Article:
Thursday, February 9, 2012

Taste the Trip: Edible Souvenirs

Cambodian Pepper Green Curry

If you are going on a trip soon and want to bring me back a souvenir, I’ll give you a tip: when it comes to gifts, I’m cheap and I’m easy.  Just ask my boyfriend.

When John went on a work trip to Cambodia last fall just before my birthday, he returned with presents in tow.  I adored the scarf of eggshell blue silk and instantly wrapped myself up in the buttery soft pashmina of ivy and black.  But he saved the best for last: three little jars of spices- white peppercorns, green peppercorns, and red chili powder.

These Kampuchean peppers had the ability to clear sinuses with just one little sniff.  I had never been so keenly aware of the difference in smell between peppercorns until they were brought back for me direct from the source.

Over the next month we found ways to work the peppers into meals in ways both big and small.  The black pepper was coarsely ground and crusted on a flank steak.  Both peppercorns were sprinkled on salads and tossed with potatoes before roasting.  Black, white, and the red chili powder made its way into a spicy green beef curry.  Each time we cooked, we inhaled the aromas of the Southeast Asian jungle.  With each bite, we were transported far, far away from our city apartment.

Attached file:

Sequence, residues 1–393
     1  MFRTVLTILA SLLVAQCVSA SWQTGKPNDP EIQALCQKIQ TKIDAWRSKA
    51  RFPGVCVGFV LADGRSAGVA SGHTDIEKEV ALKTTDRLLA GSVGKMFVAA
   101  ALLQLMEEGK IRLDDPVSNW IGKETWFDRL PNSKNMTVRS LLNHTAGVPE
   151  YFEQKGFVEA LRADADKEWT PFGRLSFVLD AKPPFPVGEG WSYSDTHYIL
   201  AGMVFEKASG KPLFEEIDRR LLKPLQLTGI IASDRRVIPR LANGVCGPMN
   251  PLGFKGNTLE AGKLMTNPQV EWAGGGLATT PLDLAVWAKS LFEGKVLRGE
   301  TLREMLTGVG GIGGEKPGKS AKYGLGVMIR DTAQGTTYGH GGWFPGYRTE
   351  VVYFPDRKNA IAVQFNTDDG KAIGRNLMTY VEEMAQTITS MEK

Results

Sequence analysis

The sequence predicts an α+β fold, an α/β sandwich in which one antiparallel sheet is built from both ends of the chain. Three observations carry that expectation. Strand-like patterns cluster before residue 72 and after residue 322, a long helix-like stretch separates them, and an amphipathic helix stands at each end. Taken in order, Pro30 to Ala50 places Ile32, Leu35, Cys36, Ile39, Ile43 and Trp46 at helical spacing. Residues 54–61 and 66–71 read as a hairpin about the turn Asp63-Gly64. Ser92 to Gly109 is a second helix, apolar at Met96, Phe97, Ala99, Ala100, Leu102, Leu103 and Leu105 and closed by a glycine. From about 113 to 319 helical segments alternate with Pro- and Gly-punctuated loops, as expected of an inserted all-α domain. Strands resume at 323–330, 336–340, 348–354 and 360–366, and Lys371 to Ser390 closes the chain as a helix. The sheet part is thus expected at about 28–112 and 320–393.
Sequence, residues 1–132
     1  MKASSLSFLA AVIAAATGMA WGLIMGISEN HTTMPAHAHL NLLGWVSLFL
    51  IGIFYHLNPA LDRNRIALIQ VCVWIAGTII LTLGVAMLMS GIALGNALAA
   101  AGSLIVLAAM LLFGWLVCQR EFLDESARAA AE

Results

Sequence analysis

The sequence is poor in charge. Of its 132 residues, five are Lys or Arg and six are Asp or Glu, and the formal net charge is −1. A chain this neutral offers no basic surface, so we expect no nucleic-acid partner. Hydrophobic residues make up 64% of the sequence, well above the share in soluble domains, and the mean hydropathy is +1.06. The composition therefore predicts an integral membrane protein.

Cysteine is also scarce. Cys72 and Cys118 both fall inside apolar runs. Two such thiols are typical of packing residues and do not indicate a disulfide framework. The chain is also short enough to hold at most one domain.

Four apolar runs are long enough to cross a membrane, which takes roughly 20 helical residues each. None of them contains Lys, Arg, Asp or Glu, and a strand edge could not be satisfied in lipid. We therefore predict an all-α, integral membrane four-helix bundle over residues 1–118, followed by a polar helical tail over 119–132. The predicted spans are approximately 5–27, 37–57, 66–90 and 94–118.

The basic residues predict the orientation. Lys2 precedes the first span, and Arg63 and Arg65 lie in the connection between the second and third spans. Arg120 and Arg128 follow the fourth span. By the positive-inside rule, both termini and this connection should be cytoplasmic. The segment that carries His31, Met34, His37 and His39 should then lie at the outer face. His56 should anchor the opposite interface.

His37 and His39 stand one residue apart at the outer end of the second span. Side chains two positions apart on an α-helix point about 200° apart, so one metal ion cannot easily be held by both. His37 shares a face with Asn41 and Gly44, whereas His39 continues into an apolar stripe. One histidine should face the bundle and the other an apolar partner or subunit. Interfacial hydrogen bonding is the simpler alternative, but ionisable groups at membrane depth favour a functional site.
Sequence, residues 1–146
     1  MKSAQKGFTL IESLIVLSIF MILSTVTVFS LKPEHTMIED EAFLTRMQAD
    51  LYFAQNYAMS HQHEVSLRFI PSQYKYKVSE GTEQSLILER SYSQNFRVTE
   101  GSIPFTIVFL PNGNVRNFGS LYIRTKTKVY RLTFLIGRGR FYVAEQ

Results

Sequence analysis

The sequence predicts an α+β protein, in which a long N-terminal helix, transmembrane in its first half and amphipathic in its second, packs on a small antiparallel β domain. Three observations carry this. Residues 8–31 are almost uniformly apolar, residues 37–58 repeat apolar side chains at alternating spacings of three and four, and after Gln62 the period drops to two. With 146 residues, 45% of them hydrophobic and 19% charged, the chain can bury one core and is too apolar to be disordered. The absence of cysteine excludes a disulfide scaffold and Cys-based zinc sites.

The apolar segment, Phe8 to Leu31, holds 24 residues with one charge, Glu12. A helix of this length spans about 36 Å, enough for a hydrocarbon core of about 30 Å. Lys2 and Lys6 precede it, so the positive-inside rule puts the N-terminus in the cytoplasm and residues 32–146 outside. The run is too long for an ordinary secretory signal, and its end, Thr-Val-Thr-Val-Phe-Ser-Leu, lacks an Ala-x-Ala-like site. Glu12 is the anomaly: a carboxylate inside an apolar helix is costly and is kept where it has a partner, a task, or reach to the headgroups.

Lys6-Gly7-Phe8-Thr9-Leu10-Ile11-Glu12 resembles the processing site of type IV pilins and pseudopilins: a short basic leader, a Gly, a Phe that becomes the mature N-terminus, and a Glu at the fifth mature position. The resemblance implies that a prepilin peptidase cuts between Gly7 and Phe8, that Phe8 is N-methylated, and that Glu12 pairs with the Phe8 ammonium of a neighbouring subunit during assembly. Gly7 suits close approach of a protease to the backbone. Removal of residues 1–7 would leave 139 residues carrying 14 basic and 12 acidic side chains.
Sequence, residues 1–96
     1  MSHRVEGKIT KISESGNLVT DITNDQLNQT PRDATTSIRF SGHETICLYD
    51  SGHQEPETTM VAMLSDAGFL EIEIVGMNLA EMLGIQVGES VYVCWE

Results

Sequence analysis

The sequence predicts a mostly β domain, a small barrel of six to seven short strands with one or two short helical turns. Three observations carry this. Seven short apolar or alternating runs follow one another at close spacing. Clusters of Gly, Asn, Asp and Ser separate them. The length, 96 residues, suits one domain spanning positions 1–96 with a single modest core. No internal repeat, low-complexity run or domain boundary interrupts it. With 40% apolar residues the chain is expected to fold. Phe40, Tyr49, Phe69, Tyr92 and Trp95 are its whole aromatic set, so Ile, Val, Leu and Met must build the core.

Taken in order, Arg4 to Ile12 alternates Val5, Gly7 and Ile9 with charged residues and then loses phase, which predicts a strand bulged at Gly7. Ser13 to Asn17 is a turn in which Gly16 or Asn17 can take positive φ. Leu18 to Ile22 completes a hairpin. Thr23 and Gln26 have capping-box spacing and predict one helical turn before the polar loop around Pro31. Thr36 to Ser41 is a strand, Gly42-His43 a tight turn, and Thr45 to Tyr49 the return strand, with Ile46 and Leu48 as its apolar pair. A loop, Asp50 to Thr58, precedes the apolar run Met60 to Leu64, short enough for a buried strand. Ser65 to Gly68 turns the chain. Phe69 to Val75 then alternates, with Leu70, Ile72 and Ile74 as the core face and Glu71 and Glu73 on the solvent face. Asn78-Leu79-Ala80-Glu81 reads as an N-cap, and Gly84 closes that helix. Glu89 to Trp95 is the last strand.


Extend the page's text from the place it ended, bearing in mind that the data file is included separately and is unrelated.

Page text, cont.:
Spices are also one of my favorite souvenirs for myself.  Light and portable, they are easy to pack and simple to carry, an important factor to consider particularly if they are purchased at the beginning of a long journey.

They are the gift that keeps on giving, a literal taste of vacation long after a return home.  A bag of red salt from Hawaii, Kaffir lime leaves from Thailand, a large salt crystal from Namibia’s Skeleton Coast, and most recently, vanilla beans and nutmeg were carried all the way home from a spice farm in Bali. 

Friends will often think of edible gifts for me when returning from exotic trips. Some years ago a friend traveled to Syria and returned with a package of saffron.  It was a rare and beautiful gift from a country now plagued with violence.  I have never been to Syria but I thought of the country often as I bloomed the red threads to season paella and stirred the stigmas into broth adding vibrant color and flavor to bouillabaisse.

When it comes to gifts from travels, it is good to remember that clothing fades, jewelry breaks, and one only has so much room for African drums.  Memories may last forever, but spices, now that is a gift so good you can literally taste it.

Amy Powell is a food and travel writer based in New York City. She is a graduate of Cornell University's School of Hotel Administration and the French Culinary Institute. Follow her on Twitter @amymariepowell

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